SitterCycle.com asked Dr. Jody Johnston Pawel to blog for us monthly on issues related to childcare and discipline. She provides some great tips for nannies about what to do when young children get aggressive.
What Causes Aggressive Behavior In Kids?
Aggressive behavior in young children is common, because the child has not mastered controlling their energy, anger management or conflict-resolution skills. It can also happen with older children if their parents never taught them these skills or model aggressive behavior themselves.
So when you see aggressive behavior in children, stop and ask yourself, “has this child mastered the skills to behave appropriately in this situation?
How Can I Respond to Aggressive Behavior in Children?
Aggressive energy usually comes out somehow, so your job is to show children how to channel it in constructive ways.
The most important key to preventing and stopping unintentional aggressive behavior in children is to teach them anger energy management skills.
Here are some suggestions, from prevention through discipline, using The Parent’s Toolshop®’s unique “Universal Blueprint® PASRR Effective Response Formula”:
Prevent the problem from starting or worsening.
- Openly model the behavior you want to see. Since anger management happens inside, say out loud what you do to control your energy and emotions. The child can then imitate what you do.
- Describe the behavior you want to see.Avoid using “Don’t,” “Stop,” “Quit,” or “No,” because these tell the child nothing helpful and often describe the behavior you don’t want. Start your sentence with, “You can…”
- Offer Choices in limits.For example, “If you feel angry, you can use words or walk away. Hitting is not one of your choices.”
When you need to intervene:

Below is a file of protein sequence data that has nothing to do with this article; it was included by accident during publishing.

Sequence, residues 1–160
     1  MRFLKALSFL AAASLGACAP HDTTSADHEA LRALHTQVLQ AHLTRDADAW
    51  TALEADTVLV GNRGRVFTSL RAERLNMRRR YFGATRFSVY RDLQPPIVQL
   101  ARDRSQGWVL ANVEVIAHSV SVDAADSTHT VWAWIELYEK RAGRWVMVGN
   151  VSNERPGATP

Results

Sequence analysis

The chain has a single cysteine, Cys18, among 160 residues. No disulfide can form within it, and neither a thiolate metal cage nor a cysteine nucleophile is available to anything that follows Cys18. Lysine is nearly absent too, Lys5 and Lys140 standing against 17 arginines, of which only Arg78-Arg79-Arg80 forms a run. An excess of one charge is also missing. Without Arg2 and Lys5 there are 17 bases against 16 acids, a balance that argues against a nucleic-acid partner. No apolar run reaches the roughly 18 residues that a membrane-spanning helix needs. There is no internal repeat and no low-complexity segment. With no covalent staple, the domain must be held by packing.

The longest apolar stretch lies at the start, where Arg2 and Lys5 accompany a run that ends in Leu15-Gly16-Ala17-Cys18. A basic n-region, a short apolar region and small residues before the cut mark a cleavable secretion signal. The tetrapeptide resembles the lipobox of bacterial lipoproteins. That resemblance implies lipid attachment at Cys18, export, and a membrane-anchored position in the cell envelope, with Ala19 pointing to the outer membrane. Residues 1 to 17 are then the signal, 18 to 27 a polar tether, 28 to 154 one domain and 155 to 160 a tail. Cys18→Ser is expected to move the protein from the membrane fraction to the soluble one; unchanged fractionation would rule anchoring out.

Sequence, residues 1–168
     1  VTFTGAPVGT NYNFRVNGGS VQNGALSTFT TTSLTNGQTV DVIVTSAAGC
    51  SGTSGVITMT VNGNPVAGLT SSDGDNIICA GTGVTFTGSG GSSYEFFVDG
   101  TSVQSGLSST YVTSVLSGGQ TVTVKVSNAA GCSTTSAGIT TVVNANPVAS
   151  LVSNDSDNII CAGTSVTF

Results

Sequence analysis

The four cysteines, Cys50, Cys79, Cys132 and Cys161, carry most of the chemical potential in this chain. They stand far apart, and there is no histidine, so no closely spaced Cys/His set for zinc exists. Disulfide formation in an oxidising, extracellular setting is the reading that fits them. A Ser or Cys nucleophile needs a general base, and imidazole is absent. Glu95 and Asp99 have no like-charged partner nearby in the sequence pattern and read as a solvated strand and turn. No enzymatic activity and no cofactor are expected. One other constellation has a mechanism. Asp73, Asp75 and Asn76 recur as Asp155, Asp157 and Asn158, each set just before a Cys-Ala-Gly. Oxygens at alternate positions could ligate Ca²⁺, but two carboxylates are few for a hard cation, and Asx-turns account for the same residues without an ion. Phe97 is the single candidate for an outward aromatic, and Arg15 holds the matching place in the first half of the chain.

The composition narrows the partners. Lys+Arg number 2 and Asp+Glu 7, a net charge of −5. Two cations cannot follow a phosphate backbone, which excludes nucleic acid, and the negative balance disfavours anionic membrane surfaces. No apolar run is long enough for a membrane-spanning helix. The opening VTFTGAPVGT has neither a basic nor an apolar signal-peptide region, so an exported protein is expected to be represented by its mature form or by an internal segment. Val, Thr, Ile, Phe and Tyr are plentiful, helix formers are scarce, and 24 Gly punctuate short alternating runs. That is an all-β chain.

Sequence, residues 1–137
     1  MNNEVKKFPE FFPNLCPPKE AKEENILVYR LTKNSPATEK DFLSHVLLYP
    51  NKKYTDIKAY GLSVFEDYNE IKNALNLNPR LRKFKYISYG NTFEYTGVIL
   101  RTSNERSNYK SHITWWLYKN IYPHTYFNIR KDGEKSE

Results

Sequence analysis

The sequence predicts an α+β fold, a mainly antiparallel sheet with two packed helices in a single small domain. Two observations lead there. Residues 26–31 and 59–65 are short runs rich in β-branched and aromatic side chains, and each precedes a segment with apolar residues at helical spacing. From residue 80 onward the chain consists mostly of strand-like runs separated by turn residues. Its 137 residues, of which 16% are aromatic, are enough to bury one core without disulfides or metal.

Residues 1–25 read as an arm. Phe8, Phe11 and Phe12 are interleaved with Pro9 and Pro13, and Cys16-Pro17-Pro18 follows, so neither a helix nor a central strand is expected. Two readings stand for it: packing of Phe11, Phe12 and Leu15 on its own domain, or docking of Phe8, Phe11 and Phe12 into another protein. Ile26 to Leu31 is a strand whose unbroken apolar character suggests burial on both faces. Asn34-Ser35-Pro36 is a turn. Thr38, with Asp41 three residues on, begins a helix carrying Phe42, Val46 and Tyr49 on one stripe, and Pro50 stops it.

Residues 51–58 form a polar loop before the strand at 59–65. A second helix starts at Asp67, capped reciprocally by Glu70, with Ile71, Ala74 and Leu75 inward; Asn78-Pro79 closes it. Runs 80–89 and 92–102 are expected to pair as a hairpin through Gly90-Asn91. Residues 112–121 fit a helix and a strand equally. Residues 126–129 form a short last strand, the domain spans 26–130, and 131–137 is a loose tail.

Since safety is a concern,you may need to dive into the situation, while verbally follow this formula:
1) Acknowledge feelings: “I can see you are angry!” You can fill in the appropriate feeling word.
2) Set the limit or rule: “. . . I expect you to remember to use words to get what you want.”
3) Redirect the misbehavior: Teach skills, being very specific, “If you want (what the child wants), say (specific words).”
4) Reveal discipline.You can:
(a) Use distraction. Quickly remove the aggressive child and involve him/her in an acceptable activity. Do not remove an angry child to a quiet isolated setting with no opportunity to move or lacks physical outlets. This could only increase the anger energy.
(b) Reveal a Logical Consequence:“You can play nicely or if you show you don’t know how to play well with others,we’ll leave.”
Teaching skills is a long-lasting solution, while punishment is just a quick fix that usually doesn’t last, because itmodels aggressive behavior. And any behavior that is a result of a lack of skills may take time to improve. Be patient and follow through consistently. Soon you will see little glimpses of the child using the skills you’ve taught him.[author image=”https://lh5.googleusercontent.com/-MjA639EdmvU/AAAAAAAAAAI/AAAAAAAAAEE/03wRhHHXVzA/photo.jpg” ]Jody Johnston Pawel, LSW, CFLE is the author of the award-winning book, The Parent’s Toolshop and president of Parent’s Toolshop Consulting, where she oversees an international network of Toolshop® trainers. She has 30 years’ experience as a top-rated speaker and parenting expert to the media worldwide, including serving as the Co-Producer and Parenting Expert for the Emmy-nominated Ident-a-Kid television series. She has produced almost 100 multimedia resources, which are available at her award-winning website, www.ParentsToolshop.com.[/author]